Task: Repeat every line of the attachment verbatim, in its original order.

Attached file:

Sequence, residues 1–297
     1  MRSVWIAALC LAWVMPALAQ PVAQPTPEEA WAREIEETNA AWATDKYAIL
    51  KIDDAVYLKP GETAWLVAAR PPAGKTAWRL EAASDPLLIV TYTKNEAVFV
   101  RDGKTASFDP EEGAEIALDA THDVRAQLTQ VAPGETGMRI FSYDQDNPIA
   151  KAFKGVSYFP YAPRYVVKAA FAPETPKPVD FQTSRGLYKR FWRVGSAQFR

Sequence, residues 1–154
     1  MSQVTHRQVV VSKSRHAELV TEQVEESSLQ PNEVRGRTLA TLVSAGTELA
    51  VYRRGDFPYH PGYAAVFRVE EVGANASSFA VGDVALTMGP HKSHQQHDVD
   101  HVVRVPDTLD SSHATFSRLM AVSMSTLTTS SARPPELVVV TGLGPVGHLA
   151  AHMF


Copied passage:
Sequence, residues 1–297
     1  MRSVWIAALC LAWVMPALAQ PVAQPTPEEA WAREIEETNA AWATDKYAIL
    51  KIDDAVYLKP GETAWLVAAR PPAGKTAWRL EAASDPLLIV TYTKNEAVFV
   101  RDGKTASFDP EEGAEIALDA THDVRAQLTQ VAPGETGMRI FSYDQDNPIA
   151  KAFKGVSYFP YAPRYVVKAA FAPETPKPVD FQTSRGLYKR FWRVGSAQFR

Sequence, residues 1–154
     1  MSQVTHRQVV VSKSRHAELV TEQVEESSLQ PNEVRGRTLA TLVSAGTELA
    51  VYRRGDFPYH PGYAAVFRVE EVGANASSFA VGDVALTMGP HKSHQQHDVD
   101  HVVRVPDTLD SSHATFSRLM AVSMSTLTTS SARPPELVVV TGLGPVGHLA
   151  AHMF